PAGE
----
When society talks about rehabilitation, we often think of physiotherapists in the gym practicing exercises. We think of mobility training and regaining independence, with images of people learning how to walk again often in the spotlight.
One of the less highlighted areas of rehabilitation is sexuality post-injury, illness or disability. Sexuality is a central aspect of being human throughout life and encompasses sex, gender identities and roles, sexual orientation, eroticism, pleasure, intimacy and reproduction. Experienced and expressed in many ways including thoughts, fantasies, roles, and relationships, (1) many aspects of sexuality can change after a catastrophic injury, but sex, intimacy and sensuality doesn’t end.
Addressing sexuality after injury has been well-documented in peer reviewed literature as best practice, yet, research shows that less than 15% of clinicians working in rehabilitation feel confident talking about sexuality with their patients. (2-5) How best can we support our clients with sexuality issues after-injury if so few clinicians are talking about it?
Research shows that for patients who are living with illness, injury or disability, sexuality is an important topic where they would like support, yet many report it continues to be a neglected issue in rehabilitation. (6,7)
The Sexuality Service is providing holistic rehabilitation which integrates sexual health into rehabilitation. The service provides psychosexual therapy, often referred to as sex therapy, alongside traditional allied health, nursing and medical therapies, to deliver a true multidisciplinary approach.
Psychosexual therapy is a talking therapy and a specialised form of counselling that deals with problems primarily related to sex, sexual health and sexuality concerns. Psychosexual therapy is for singles and those in relationships regardless of age or physical impairments. It addresses many aspects of pleasure, regaining sexual confidence and the functional aspects of human sexuality in partnership with medical, nursing and other allied health disciplines. Psychosexual therapy is part of Royal Rehab’s rehabilitation team and our psychosexual therapists are qualified health professionals who have postgraduate, specialist qualifications in psychosexual therapy and are members of the Society of Australian Sexologists (SAS).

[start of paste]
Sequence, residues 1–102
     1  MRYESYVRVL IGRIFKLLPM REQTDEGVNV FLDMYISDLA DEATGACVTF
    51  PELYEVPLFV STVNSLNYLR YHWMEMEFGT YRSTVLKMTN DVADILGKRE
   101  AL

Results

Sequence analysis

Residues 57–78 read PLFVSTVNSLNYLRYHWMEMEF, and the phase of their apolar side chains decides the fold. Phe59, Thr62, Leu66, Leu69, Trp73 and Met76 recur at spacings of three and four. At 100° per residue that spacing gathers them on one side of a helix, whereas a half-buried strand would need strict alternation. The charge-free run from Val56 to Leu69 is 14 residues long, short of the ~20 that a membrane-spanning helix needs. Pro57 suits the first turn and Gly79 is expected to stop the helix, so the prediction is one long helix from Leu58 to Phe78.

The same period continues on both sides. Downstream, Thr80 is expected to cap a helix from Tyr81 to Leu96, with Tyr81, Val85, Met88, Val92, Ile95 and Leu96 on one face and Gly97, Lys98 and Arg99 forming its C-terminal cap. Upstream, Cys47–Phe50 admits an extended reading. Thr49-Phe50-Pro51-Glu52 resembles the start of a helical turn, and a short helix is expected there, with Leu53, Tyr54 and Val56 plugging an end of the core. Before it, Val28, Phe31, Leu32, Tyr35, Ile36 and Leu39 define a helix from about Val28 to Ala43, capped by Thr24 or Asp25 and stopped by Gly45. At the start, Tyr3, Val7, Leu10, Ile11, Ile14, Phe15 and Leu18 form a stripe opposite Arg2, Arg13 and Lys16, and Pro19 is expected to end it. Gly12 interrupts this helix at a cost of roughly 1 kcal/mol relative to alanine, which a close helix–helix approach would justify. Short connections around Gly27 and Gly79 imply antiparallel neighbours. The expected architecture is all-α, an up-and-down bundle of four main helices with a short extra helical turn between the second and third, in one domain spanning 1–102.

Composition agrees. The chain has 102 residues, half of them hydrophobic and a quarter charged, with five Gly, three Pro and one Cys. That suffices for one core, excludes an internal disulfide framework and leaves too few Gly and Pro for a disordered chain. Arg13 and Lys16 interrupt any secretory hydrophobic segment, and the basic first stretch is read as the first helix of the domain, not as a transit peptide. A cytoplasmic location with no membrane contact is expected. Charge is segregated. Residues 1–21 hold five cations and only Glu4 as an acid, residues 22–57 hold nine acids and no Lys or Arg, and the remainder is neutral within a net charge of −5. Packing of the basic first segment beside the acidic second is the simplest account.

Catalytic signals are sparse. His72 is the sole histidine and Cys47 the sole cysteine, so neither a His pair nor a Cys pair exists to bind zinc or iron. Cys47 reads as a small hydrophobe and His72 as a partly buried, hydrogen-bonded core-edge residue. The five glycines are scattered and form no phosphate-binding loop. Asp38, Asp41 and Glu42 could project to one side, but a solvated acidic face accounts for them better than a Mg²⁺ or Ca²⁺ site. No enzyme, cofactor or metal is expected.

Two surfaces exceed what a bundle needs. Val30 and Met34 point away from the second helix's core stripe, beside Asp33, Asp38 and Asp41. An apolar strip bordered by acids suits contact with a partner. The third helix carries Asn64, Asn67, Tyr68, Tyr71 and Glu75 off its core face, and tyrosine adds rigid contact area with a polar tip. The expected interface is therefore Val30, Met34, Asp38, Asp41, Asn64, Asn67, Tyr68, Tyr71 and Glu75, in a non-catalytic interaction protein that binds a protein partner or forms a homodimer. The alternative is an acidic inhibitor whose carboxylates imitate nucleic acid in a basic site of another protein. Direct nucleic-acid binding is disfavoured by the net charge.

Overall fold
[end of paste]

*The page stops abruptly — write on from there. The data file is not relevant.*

Having a dedicated rehabilitation team member who is willing, able, and wanting to address sexuality helps the whole rehabilitation team becomes more confident talking about the topic. The confidence in knowing we can refer anything outside of our comfort zone or scope of work to sexuality trained colleagues allows the whole team to support clients.
Like all aspects of rehabilitation, helping clients achieve their rehabilitation goals takes a team approach so it makes perfect sense to include psychosexual therapy as part of a rehabilitation treating team.
- World Health Organization. Defining Sexual Health: Report of a Technical Consultation on Sexual Health. 28-31 January 2002. Geneva: WHO, 2006.
- McGrath, M., Lever, S., McCluskey, A., et al.: Developing interventions to address sexuality after stroke: findings from a four-panel modified delphi study. J. Rehabil. Med. 51(5), 34–42 (2019)
- Stein J, Hillinger M, Clancy C, Bishop L. Sexuality after stroke: patient counseling preferences. Disabil Rehabil 2013; 35: 1842–1847.
- Park JH, Ovbiagele B, Feng W. Stroke and sexual dysfunction – a narrative review. J Neurol Sci 2015; 15: 7–13.
- Rosenbaum T, Vadas D, Kalichman L. Sexual function in post-stroke patients: considerations for rehabilitation. J Sex Med 2014; 11: 15–21.
- Desiree Latella, Maria Grazia Maggio, Rosaria De Luca, Giuseppa Maresca, Denise Piazzitta, Francesca Sciarrone, Luigi Carioti, Alfredo Manuli, Placido Bramanti, Rocco Salvatore Calabro, Changes in sexual functioning following traumatic brain injury: An overview on a neglected issue, Journal of Clinical Neuroscience, Volume 58, 2018, Pages 1-6,
- Auger, LP., Pituch, E., Filiatrault, J. et al. Priorities and Needs Regarding Sexual Rehabilitation for Individuals in the Subacute Phase Post-stroke. Sex Disabil 38, 653–668 (2020).